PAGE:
Trevor Immelman of South Africa plays a shot on the first hole during the first round of the 2018 Masters Tournament at Augusta National Golf Club on April 5, 2018 in Augusta, Georgia. By Patrick Smith (Getty/AFP/File)
South Africa’s Trevor Immelman accepts he is reaching a crunch point in his career with the former US Masters champion admitting he can no longer routinely compete with the world’s best despite the odd “glimmer of hope”.
One of those “glimmers” came with a second round of 64 in the Scottish Open at Gullane, near Edinburgh, on Friday.
It was a reminder of the quality the 38-year-old Immelman displayed in holding off Tiger Woods to win at Augusta National back in 2008.
But the past decade has seen Immelman, who now combines his on-course career with work as a television analyst, win just one tournament and, beset by injuries, drop so low in the world rankings that earlier this year he was listed at 1,959.
A top-10 finish at Gullane would give Immelman a chance of qualifying for next week’s British Open at Carnoustie, but the player himself was under no illusions about whether his game was good enough to deliver another major title.
“I’m quite sure that it’s not,” he said. “That is a very difficult time mentally for an athlete, and everybody faces it at some point. The tricky part for us is it sort of becomes our life.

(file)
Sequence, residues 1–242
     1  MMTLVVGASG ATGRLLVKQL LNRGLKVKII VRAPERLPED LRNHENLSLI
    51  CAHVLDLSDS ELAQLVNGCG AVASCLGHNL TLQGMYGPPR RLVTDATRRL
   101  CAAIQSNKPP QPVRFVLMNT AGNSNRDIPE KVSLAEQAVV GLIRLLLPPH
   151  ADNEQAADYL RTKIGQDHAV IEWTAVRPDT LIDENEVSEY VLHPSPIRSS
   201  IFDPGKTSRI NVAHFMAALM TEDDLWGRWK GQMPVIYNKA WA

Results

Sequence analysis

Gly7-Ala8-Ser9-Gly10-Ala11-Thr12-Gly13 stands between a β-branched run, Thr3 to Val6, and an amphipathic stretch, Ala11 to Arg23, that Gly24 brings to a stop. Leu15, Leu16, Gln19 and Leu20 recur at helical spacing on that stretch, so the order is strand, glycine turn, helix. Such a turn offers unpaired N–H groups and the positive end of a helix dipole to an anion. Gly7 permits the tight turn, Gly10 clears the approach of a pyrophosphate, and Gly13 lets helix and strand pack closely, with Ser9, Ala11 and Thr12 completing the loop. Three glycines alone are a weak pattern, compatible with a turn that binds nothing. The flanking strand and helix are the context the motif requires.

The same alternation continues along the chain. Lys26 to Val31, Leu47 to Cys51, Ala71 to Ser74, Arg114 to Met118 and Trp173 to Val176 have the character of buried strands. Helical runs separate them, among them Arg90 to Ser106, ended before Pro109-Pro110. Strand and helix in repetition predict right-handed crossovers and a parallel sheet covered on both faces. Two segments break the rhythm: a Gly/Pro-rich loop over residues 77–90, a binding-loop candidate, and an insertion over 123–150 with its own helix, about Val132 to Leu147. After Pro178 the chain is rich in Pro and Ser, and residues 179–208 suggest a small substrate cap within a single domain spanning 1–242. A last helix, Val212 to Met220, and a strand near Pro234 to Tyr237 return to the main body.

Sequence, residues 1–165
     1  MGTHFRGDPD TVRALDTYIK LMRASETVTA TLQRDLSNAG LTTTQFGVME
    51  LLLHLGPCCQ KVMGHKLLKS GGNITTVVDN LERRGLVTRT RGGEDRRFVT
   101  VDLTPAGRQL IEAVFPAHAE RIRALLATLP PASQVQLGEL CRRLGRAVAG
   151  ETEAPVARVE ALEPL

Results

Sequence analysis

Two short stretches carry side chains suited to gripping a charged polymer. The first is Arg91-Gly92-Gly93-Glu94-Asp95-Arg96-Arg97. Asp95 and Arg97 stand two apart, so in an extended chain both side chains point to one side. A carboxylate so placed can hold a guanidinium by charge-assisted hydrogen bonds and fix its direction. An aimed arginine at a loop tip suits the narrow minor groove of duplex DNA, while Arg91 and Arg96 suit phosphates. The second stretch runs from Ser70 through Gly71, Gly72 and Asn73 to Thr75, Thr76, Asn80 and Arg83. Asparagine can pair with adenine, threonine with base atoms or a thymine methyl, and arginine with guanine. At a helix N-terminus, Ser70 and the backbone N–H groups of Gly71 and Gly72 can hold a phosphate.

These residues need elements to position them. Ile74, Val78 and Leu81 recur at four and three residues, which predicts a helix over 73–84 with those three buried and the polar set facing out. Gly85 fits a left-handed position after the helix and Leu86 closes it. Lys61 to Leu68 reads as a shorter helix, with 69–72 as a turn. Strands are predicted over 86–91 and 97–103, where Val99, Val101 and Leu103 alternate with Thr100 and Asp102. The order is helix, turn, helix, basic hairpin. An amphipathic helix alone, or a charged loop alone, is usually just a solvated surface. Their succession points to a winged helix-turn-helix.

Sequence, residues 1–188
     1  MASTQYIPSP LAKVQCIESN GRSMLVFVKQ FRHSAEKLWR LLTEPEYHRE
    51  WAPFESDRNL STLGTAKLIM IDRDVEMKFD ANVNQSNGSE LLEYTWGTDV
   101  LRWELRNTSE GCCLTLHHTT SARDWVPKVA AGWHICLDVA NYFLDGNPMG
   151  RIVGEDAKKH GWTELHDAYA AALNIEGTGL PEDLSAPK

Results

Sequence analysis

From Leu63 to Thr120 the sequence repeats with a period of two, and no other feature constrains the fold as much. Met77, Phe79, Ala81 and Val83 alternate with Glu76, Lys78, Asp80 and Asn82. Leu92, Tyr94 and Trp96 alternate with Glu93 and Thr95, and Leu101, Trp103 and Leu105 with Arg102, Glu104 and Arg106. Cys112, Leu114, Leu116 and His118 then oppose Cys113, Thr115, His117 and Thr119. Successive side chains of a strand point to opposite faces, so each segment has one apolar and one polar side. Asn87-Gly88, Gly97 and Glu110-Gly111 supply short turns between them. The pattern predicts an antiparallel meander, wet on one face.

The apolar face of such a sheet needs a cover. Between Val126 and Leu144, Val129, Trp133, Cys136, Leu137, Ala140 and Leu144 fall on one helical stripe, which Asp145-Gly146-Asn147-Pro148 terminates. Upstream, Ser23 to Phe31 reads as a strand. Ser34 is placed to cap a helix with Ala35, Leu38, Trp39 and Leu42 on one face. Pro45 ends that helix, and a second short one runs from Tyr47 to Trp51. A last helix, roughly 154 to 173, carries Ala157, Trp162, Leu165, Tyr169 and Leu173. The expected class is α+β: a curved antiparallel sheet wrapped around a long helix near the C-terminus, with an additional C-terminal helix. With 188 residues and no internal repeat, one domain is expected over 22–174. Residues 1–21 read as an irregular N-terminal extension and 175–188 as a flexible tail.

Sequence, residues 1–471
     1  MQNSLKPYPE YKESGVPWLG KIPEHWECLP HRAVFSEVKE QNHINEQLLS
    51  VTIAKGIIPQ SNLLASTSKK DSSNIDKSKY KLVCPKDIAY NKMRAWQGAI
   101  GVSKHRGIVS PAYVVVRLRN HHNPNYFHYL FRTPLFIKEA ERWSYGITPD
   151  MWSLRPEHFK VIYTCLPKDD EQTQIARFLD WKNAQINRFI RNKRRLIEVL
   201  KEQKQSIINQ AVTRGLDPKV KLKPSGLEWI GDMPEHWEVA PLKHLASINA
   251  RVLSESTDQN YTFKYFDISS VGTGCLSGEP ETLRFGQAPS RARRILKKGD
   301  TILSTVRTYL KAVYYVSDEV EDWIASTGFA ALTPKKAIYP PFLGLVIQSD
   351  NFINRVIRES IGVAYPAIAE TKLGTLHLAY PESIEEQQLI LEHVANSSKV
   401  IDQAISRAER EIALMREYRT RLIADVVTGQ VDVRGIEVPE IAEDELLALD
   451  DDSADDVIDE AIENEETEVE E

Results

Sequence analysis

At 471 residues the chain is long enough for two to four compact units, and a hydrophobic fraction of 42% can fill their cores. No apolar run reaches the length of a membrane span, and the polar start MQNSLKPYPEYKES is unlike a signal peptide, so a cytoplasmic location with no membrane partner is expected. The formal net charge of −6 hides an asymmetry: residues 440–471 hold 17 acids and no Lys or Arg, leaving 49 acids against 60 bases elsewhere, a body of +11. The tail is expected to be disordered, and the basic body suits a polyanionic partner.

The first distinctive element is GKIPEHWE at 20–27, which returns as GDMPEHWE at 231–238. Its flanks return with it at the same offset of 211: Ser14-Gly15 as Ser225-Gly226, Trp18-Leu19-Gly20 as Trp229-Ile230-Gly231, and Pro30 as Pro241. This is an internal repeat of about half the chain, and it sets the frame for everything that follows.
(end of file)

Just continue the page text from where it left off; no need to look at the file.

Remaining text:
‘Man without a country’
“It becomes a massive part of you and the danger is you start to live and die by every shot and every tournament. Am I in the Rolex Series events? Am I in the Open? Am I in the majors? You do that for a decade and that starts disappearing. All of a sudden you’re like a man without a country.
“But this game has been really good to me. I have nothing to complain about whatsoever. I was lucky to play my best when Tiger was playing his best so I rode his coat-tails for a few years and did quite well. This is my 20th year out on Tour and in any other sport it’s kind of unheard of.
“That passion and sort of glimmer of hope, it’s always going to be there. But doing the TV stuff has been a fantastic distraction for me from that standpoint because I can still go and speak about the game that I love and try and explain how good it is, what these guys and girls are doing and how tough it is.”
As for the chance to play at Carnoustie instead of commentating, Immelman added: “Yeah, my boss may not be too happy about that.
“If I’m on the 18th tee on Sunday and a chance of that, it might cross my mind, but there is a long way to go here.
“So I’m just going to go enjoy this 64. It’s the best round I’ve shot in a long time, and see what happens.”